Over the weekend, Microsoft released a statement warning users of Internet Explorer that a flaw in the software could allow attackers to "take complete control" of any computer.
So how worried should you be?
The flaw affects Internet Explorer (IE) versions 6 to 11 and Microsoft said it was already aware of a number of "limited, targeted attacks" to exploit the bug, and since Microsoft's flagship browser accounts for more than 50 per cent of the global browser market, we can assume a number of people have already fallen foul of this security hole.
Security firm FireEye also revealed a sophisticated hacker group has already been exploiting the flaw in a campaign dubbed "Operation Clandestine Fox", which has been targetting US military and financial institutions.
So how does the loophole work?
According to Microsoft, "The vulnerability may corrupt memory in a way that could allow an attacker to execute arbitrary code in the context of the current user within Internet Explorer."
An attacker could then "host a specially crafted website that is designed to exploit this vulnerability through Internet Explorer and then convince a user to view the website."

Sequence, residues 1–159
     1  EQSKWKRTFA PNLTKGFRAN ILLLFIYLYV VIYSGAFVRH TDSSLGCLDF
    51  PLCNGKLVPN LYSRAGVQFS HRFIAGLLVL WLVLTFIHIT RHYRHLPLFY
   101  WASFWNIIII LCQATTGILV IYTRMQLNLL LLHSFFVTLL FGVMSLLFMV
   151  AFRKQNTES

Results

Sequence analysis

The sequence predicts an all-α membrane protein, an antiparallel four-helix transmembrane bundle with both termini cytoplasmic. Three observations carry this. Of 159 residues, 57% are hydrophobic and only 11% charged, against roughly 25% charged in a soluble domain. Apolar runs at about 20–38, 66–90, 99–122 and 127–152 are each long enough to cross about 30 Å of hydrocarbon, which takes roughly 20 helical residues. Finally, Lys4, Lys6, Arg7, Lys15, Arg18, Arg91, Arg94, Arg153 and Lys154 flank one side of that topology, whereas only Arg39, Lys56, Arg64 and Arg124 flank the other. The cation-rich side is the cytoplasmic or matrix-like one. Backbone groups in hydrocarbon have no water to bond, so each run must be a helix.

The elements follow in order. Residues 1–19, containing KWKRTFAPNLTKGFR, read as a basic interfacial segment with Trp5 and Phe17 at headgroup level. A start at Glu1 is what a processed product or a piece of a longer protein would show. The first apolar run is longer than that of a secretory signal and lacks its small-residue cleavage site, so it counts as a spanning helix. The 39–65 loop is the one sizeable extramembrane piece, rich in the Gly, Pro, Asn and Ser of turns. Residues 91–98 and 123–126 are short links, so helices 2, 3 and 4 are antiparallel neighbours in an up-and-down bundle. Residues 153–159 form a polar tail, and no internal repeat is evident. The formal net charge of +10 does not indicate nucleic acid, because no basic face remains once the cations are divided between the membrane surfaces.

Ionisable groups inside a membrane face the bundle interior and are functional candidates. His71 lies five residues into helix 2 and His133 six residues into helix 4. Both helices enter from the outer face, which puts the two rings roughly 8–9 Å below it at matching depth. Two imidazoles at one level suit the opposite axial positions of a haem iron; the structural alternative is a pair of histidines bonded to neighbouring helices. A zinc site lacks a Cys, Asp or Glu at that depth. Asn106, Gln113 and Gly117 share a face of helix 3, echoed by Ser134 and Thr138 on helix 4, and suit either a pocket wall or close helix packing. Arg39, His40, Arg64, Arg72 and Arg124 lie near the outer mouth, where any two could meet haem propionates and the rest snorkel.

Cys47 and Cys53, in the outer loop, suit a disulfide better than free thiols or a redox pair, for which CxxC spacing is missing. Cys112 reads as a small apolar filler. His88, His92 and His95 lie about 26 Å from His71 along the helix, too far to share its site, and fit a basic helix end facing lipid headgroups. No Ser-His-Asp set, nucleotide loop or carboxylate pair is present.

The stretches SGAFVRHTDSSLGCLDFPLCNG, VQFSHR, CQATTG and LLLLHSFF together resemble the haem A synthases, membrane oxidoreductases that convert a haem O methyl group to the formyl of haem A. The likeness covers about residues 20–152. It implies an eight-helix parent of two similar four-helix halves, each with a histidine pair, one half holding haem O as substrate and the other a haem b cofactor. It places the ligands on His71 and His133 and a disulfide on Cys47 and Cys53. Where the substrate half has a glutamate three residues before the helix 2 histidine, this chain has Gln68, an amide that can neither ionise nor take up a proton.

After that, the hacker would essentially have unlimited power over the user's system. They could install programs, view, change, or delete data, and create new accounts with full user rights.
But it's not all bad news.
By way of mitigating the dire news, Microsoft pointed out that the vulnerability would still rely on some level of social engineering.
"In all cases," Microsoft argued, "an attacker would have no way to force users to visit these websites."
Instead, a potential hacker would have to "convince users to visit the website, typically by getting them to click a link in an email message or Instant Messenger message that takes users to the attacker's website."
So following normal Internet best practices such as not opening suspicious links should keep you pretty covered.
Microsoft is apparently still working out how best to deal with the problem.
"On completion of our investigation," the statement reads, "Microsoft will take the appropriate action to protect our customers, which may include providing a solution through our monthly security update release process, or an out-of-cycle security update"
Microsoft has advised its users to deploy the "Enhanced Mitigation Experience Toolkit" (EMET), which it says can help to mitigate the damage by adding additional protection layers that make the vulnerability harder to exploit.
But this reporter wouldn't advise it.
The attack is also dependent on Adobe Flash to work, so disabling Flash for the time being would also keep you covered.
Microsoft has however confirmed that no fix will be released for Windows XP, which recently reached its official end of life.